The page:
Home Tutorial Java Jsp JSP Standard Action 'jsp:useBean'

 
 

Share on Google+Share on Google+
JSP Standard Action 'jsp:useBean'
Posted on: June 17, 2010 at 12:00 AM
Advertisement
In this Section, we will discuss about some standard actions :"jsp:usebean" with a small example.

JSP Standard Action <jsp:useBean>

This action let you use java bean in a JSP page. This action instantiates or locates a Bean with a specific name and scope.

Syntax :

<jsp:useBean
        id="beanInstanceName"
        scope="page | request | session | application"
        {
            class="package.class" |
            type="package.class" |
            class="package.class" type="package.class" |
            beanName="{package.class | <%= expression %>}" type="package.class"
        }
        {
            /> |
            > other elements </jsp:useBean>
        }


Example :    <jsp:useBean id="test" class="foo.usebeanexample" />      
                           
<jsp:setProperty name="test" property="message" value="Hello ANKIT" />

This usually means "instantiate an object of the class specified by class, and bind it to a variable with the name specified by id".

Attributes and Usage

  • id="beanInstanceName

Gives a name to the variable that will reference the bean. A previous bean object is used instead of instantiating a new one if one can be found with the same id and scope.

  • scope="page | request | session | application"

Indicates the context in which the bean should be made available. There are four possible values:

  • page :The default, page, indicates that the bean is only available on the current page (stored in the PageContext of the current page).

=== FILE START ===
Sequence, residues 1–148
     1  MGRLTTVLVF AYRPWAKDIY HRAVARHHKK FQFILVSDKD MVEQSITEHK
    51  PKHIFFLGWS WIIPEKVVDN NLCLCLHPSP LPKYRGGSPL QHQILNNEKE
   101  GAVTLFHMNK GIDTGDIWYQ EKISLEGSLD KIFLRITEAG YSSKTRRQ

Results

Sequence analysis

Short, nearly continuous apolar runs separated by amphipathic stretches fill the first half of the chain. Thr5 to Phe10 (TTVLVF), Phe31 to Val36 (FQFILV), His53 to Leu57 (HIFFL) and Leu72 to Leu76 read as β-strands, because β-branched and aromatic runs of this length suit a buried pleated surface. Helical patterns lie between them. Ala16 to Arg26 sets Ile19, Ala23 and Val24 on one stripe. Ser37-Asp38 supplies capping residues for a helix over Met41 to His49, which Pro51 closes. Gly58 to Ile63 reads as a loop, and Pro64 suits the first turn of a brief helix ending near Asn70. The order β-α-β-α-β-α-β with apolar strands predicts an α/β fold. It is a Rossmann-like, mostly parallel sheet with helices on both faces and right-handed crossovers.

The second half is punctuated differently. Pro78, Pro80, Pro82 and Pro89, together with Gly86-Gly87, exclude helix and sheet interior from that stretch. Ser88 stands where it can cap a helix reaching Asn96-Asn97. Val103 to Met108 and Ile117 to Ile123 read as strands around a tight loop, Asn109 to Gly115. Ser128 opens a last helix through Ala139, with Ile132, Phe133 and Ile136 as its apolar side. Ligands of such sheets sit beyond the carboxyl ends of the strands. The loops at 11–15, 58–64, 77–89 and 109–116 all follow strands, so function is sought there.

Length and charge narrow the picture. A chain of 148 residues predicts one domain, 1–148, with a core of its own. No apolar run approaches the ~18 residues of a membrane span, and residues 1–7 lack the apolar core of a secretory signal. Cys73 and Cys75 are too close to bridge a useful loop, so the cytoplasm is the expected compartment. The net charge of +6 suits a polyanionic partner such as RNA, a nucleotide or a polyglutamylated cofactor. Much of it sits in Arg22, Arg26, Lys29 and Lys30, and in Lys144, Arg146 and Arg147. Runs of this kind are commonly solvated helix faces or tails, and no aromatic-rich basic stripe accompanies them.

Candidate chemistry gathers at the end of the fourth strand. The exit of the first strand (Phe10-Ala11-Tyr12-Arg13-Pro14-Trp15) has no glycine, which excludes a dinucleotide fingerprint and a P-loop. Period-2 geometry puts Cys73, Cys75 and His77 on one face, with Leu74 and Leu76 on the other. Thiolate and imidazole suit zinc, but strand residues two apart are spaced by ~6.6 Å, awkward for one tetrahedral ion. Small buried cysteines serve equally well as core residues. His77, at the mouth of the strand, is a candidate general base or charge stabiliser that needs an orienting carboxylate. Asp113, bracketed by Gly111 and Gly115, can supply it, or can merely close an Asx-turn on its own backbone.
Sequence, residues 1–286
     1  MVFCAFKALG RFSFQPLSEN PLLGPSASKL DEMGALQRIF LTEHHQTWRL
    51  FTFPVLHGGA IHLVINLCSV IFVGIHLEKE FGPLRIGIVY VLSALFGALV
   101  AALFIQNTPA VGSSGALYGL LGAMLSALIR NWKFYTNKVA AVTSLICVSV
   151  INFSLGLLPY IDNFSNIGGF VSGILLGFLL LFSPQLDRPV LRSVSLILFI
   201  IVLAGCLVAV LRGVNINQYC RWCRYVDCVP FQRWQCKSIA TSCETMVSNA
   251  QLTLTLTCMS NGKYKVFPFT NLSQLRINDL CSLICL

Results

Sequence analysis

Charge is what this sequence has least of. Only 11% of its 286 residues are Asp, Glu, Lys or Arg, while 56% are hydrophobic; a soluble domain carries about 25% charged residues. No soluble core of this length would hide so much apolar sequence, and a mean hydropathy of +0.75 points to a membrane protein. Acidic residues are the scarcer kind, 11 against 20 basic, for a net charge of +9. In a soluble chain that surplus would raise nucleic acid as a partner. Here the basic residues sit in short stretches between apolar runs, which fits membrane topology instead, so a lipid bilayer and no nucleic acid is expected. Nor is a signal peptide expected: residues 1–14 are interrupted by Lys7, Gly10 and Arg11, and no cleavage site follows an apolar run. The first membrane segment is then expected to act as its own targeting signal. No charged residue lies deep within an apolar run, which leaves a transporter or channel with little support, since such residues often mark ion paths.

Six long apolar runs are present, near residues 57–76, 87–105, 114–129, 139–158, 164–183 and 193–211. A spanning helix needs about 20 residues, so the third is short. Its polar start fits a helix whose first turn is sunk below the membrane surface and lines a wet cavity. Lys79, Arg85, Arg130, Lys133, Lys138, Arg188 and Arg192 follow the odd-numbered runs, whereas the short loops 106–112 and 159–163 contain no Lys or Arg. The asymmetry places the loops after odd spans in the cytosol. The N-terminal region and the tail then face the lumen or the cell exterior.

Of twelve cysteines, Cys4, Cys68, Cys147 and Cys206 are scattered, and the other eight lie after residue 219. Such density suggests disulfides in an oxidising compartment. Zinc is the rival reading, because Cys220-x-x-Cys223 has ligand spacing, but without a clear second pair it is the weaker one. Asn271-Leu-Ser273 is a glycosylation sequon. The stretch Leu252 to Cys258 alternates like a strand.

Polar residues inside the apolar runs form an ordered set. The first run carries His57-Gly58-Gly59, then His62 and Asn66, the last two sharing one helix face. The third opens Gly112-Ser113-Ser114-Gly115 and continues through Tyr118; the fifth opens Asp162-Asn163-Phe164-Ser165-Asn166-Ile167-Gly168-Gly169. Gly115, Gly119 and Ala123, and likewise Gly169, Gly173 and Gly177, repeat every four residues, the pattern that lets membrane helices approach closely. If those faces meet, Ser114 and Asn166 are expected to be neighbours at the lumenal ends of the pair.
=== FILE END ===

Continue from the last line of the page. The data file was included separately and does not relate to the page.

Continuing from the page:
• request :A value of requestindicates that the bean is only available for the current client request (stored in the ServletRequest object).
  • session :A value of session indicates that the object is available to all pages during the life of the current HttpSession.
  • application : a value of application indicates that it is available to all pages that share the same ServletContext.
  • class="package.class" : Designates the full package name of the bean.
  • beanName="{package.class | <%= expression %>}" type="package.class" :
Instantiates a Bean from either a class or a serialized template, using the 'ava.beans.Beans.instantiate' method, and gives the Bean the type specified in type. The value of 'beanName 'is either a package and 'class name' or an 'Expression' that evaluates to a package and class name, and is passed to 'Beans.instantiate'. The value of type can be the same as 'beanName', a 'superclass' of 'beanName', or an interface implemented by 'beanName'.

Example : Given below a example that loads a bean and sets/gets a simple String parameter :
usebean.jsp

<HTML>

<head>

<TITLE>JavaBeans in JSP</TITLE>

<meta http-equiv="Content-Language" content="en-us">

<style type="text/css">

.style1 {

border: 2px solid #0000FF;

background-color: #CCFFFF;

}

</style>

</head>

<BODY>

<table class="style1" style="float: CENTER" align="center">

<tr>

<td style="width: 430px; height: 38px">

<h3><strong>EXAMPLE OF JSP:USEBEAN STANDARD ACTION</strong></h3>

</td>

</tr>

</table>

<P>

<jsp:useBean id="test" class="foo.usebeanexample" />

<jsp:setProperty name="test" property="message" value="Hello ANKIT" />

<center><H1>Message:

<jsp:getProperty name="test" property="message" />

</H1></center>

</BODY>

</HTML>

Given below is the code for the bean used in the "usebean.jsp" :

usebeanexample.java

package foo;

public class usebeanexample {

private String message = "No message specified";

public String getMessage() {

return(message);}

public void setMessage(String message) {

this.message = message;}

}


Output of  "usebean.jsp"




Download Source code

See Also :(click below)

JSP standard Actions :<jsp:setProperty> & <jsp:getProperty>
Advertisement

Related Tags for JSP Standard Action 'jsp:useBean' :


Follow us on Twitter, or add us on Facebook or Google Plus to keep you updated with the recent trends of Java and other open source platforms.

Posted on: June 17, 2010

Recommend the tutorial

Advertisements Advertisements
 

 

 

DMCA.com